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Product and engineering pros share top tips for working from home

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Some would say working from home is a dream come true. Others might choose in-office over remote any day. But one thing’s for sure: working from home is a very different animal than “punching in” at the office. Especially as a tech professional when frequent collaboration, communication and problem-solving sessions with your team is key to a product’s success.

It’s easier than ever for teams (and even entire companies) to stay connected digitally when working remotely. But with COVID-19, a lot of engineering and product teams may have been forced to adjust to a fully remote environment overnight. And whether you work from home one day a week or five, you’re bound to face a new set of challenges.

No matter the case, the right mindset and strategies can help keep you and your team engaged, productive and happy. Whether you’re looking for help or looking for ways to keep your team together, here are six work-from-home tips, plus real insight from Seen by Indeed tech pros embracing the WFH life.

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Table of contents

How to work from home successfully: top tips for product and engineering teams

1. Introvert or extrovert, stay connected

Working onsite leads to hallway conversations and exchanges with coworkers you might not normally interact with. And sometimes, those spontaneous chats or brainstorming sessions can trigger some of the best ideas.

In light of COVID-19, the Seen by Indeed team recently transitioned to remote work. Michael Heath, Senior Product Manager at Seen says that his team is “extremely intelligent, opinionated and almost all introverts. In the office, they’re more willing to communicate because they can see or hear what everyone is working on.” 

But working remotely means that “now, they can’t. So that leads a lot of the team to be quiet.” Heath’s fix? Encouraging open communication to keep engagement high.

So while working from home can feel isolating and eliminates any chance of overhearing a side conversation you can chime in on, try not to let it stop you from sharing thoughts or ideas (or touch base with someone just to say hi).

Remember, staying connected doesn’t mean conversations always have to be work-related. Morning catch-ups over coffee and five-minute talks about weekend plans are often missed when working remote. But these interactions are part of what brings teams together, and a good chance to both engage introverts and reenergize extraverts with a dose of social interaction.

Check in with each other regularly over Slack or Hangouts, or set up a Discord server where people can pop in for quick conversations. Schedule lunches or team-building activities over video chat. Start a virtual happy hour. Share photos of your pets. And while you can use a tool like Zoom for an audio-only call, make it a point to turn the camera on more often than not for some face time.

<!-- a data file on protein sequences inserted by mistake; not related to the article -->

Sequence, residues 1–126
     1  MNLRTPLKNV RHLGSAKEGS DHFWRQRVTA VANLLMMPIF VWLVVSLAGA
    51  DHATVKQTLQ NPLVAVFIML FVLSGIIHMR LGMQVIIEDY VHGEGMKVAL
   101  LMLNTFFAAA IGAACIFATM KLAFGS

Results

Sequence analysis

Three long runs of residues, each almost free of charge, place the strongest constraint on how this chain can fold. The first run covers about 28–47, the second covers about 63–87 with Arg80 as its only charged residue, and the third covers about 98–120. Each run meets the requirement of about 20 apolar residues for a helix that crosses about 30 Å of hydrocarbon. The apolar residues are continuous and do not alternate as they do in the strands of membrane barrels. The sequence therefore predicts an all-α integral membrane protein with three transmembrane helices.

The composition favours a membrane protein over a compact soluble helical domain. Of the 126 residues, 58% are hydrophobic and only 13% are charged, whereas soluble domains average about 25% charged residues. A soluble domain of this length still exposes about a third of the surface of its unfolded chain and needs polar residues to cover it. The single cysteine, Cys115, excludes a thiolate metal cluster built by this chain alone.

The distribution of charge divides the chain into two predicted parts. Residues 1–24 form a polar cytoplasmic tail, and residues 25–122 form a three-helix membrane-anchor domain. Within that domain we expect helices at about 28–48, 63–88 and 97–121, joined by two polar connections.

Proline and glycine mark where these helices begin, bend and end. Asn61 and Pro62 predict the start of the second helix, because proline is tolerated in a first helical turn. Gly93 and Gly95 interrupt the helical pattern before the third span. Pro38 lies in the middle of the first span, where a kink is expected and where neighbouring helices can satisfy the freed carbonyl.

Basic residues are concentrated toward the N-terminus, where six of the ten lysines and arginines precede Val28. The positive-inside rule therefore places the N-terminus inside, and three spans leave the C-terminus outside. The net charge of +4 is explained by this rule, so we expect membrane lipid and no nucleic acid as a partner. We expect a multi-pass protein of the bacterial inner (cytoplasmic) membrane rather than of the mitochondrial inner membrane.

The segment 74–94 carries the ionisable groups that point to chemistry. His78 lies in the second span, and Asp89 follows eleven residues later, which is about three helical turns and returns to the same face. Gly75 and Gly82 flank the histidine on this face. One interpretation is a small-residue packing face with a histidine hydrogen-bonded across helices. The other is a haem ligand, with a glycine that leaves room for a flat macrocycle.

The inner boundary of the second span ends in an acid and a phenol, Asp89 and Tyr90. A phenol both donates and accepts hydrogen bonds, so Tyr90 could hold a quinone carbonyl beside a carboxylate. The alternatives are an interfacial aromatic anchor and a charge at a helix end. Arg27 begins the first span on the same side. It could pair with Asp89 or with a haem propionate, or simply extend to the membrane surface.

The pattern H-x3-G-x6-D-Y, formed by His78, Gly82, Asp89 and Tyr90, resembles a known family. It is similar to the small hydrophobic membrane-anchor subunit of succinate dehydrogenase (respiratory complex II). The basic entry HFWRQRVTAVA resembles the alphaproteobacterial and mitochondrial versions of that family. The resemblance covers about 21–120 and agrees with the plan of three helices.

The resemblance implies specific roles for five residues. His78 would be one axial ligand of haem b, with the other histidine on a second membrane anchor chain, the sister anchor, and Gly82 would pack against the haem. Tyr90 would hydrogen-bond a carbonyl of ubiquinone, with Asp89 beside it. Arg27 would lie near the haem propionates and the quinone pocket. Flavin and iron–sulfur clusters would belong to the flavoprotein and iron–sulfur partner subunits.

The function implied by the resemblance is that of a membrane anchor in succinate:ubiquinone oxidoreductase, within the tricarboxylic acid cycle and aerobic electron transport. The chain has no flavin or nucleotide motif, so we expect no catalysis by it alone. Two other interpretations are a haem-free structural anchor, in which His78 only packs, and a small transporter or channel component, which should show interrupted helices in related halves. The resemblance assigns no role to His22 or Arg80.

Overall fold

2. Communicate (often) and be as available as possible

You’re not working side-by-side anymore, which means tapping each other with questions and ideas isn’t as easy as swivelling your chair around—you have to make it a point to stay in touch.

“We’ve had to become much more deliberate about communicating with each other. When we were right next to each other, it was much easier to do small things, but over text little details can easily be missed,” explains Heath. “So we’re having to be a bit more formal in requirements and follow questions.”

To solve communication challenges, Heath over-communicates everything. “This can come across a little annoying, but it fixes a lot of problems right out of the gate.”

So while communicating more often when working remotely might feel excessive, it’s often essential. Mitchell Breinholt, Data Analytics and Operations Team Lead at Seen recommends having one place where everyone can get together and cross-collaborate versus having 20 different conversations going at once. He also increased the number of weekly stand ups for his team, scheduling an extra Slack convo to the mix.

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Another part of communicating is being as responsive as you can in your WFH situation (though sometimes time zones, kids, appointments will get in the way). Will your team get a timely response from you should they need it? Say a bug surfaces for a big chunk of your users—the last thing you’d want to be is MIA for too long if you’re the one responsible for finding a solution.

But while staying in touch remotely can be a challenge (especially for those making a transition to it), Breinholt finds that meeting with teams he doesn’t normally meet with is easier. Why? Because there’s no dependency on physical places. Plus, extra schedule flexibility means you can adjust your schedule to accommodate another’s, if needed. 

3. Clean up messy processes (+ invest in the right tools)

The right tools will mean something different for every individual, team and company. But a good starting point is looking at what you already use and asking if it’ll work in a remote environment, too. Even if the tools you use work just fine, should you rethink your current processes or invest in an add-on or feature better suited for remote work?